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For Rod Serling, TV was the perfect landscape to battle bigotry and corporate censorship. But was the nation ready for it?
In the late 1950s, Rod Serling found himself sitting in a London airport tired and ready to go home. As he waited to board his flight, he spotted something eerie. Across the room stood his doppelgänger: a man who looked to be his same height, sporting the same coat and carrying the exact same cowhide briefcase. It blew his mind. As the award-winning TV writer tried to catch a glimpse of his double’s face, a strange thought hit him: What if, through some glitch in the universe, he was watching another version of himself?
“I kept staring and staring,” Serling recalled, “with this funny, ice-cold feeling that, if he turns around and it’s me, what do I do?” Eventually, the gentleman did turn around. He was a decade younger and, Serling joked, far better looking.
Michael Price isn’t generally a tin-foil hat wearing crank. In fact he’s counsel in the Liberty and National Security Program at the Brennan Center for Justice at NYU School of Law (i.e., part of the establishment). But now he’s getting the tin foil ready as a result of his new privacy-smashing Smart TV, as he relates at Salon:
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I just bought a new TV. The old one had a good run, but after the volume got stuck on 63, I decided it was time to replace it. I am now the owner of a new “smart” TV, which promises to deliver streaming multimedia content, games, apps, social media and Internet browsing. Oh, and TV too.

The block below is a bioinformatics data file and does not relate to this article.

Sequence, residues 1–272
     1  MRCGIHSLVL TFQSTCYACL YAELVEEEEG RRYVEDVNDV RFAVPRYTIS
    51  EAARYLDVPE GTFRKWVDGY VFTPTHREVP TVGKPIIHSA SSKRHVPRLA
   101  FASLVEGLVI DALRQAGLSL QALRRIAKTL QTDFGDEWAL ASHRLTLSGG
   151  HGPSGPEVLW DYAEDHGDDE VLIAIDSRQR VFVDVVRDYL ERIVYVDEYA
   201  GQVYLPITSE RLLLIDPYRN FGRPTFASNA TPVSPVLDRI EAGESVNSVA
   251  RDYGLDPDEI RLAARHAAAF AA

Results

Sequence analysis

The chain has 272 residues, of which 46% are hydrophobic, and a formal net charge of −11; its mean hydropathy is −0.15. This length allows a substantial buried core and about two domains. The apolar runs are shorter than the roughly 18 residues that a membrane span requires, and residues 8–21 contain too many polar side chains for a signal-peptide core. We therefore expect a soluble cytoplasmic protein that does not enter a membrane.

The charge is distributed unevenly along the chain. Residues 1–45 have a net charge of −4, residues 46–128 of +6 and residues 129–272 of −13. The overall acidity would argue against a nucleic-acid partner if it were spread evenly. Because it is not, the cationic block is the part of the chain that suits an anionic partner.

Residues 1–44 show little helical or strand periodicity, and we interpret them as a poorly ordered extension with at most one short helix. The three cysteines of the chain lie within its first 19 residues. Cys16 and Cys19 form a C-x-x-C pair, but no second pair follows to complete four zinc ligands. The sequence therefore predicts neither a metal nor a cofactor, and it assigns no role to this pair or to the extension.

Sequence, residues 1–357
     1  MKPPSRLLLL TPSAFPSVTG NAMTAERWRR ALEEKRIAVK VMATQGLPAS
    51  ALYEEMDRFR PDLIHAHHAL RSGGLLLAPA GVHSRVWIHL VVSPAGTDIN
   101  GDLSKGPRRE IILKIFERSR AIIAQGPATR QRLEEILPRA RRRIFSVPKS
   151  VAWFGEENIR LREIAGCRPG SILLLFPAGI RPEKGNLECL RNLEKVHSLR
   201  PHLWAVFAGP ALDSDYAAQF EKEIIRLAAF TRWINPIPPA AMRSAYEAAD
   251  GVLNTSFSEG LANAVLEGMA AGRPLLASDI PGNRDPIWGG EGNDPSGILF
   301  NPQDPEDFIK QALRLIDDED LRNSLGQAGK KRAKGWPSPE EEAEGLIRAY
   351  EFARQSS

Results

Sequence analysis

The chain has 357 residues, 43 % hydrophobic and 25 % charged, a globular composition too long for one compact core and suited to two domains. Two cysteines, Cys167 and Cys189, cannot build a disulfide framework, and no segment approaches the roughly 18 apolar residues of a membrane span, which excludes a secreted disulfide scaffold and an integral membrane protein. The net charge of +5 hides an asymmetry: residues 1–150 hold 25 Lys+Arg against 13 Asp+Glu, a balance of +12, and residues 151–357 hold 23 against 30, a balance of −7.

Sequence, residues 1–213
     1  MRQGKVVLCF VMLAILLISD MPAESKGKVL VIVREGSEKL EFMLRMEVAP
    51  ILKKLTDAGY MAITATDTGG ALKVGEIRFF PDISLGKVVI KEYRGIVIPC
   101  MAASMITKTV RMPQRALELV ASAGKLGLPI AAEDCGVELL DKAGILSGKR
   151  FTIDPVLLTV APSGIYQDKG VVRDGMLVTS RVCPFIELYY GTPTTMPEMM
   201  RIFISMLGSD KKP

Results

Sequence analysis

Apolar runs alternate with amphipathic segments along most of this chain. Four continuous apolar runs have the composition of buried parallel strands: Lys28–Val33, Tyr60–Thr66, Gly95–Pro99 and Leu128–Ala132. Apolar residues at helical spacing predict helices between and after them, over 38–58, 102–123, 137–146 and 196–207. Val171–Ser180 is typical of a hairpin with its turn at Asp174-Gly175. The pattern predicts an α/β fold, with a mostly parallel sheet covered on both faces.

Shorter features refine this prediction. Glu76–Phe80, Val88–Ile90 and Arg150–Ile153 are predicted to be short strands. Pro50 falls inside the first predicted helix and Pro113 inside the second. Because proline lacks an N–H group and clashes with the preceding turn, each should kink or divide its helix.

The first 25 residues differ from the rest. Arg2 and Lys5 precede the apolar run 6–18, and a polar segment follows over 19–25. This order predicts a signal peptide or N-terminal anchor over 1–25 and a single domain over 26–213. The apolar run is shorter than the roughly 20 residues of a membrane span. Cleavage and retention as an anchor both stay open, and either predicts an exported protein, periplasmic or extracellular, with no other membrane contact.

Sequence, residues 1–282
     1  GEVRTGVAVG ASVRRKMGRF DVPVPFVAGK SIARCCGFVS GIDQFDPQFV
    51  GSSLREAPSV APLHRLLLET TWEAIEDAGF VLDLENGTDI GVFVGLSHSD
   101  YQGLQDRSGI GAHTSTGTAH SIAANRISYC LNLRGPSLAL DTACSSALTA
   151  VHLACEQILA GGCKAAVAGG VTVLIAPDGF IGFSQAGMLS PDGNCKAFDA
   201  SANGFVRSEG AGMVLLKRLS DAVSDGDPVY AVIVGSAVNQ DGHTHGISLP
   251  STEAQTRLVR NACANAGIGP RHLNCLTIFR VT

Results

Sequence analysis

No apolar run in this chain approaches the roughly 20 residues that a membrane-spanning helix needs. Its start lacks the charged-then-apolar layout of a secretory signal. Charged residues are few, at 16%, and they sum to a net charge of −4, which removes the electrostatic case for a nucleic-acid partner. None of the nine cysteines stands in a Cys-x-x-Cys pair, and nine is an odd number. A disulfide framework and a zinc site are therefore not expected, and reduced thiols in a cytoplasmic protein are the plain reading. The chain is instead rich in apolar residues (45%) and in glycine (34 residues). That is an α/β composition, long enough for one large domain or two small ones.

The amount of data this thing collects is staggering. It logs where, when, how and for how long you use the TV.
[Editor’s Note: This post originally appeared on Medium.com. It was republished with permission.]
Dear reader: This article ended up being longer than I set out to make it, and you, the average Medium reader, are notorious for not finishing articles. So I’ll make a deal with you, based on a tactic I stole from John Oliver. Finish this article, and at the end I’ll give you that which you most crave in your online existence: a GIF of a cute little hamster eating a miniature burrito! Mmmkay? As Oliver says, the GIF is “as magical and as uncomplicated as you think.”
They’re telling us that we’re living in a “golden age” of television. Game of Thrones! House of Cards! Army of Darkness! OK, so that last one wasn’t a TV show, but you get the idea. TV is now a place for serious people to talk about serious things and be taken seriously.… Read the rest
Well I don’t see why there shouldn’t be Atheist TV, considering the proliferation of Christian and other religious television channels. Plus atheists can be just as rigid and dogmatic as religious extremists… From the New York Times:
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Atheists are angry, and watch out, because now they have a television channel.
This week the organization American Atheists announced the premiere of Atheist TV, available through the streaming service Roku and over the Internet. That news will certainly prompt assorted knee-jerk reactions in some quarters, and perhaps some confusion:
“Atheist TV? It’ll be full of incest and smut and debaucheries of all kinds. Oh, wait; that’s HBO.”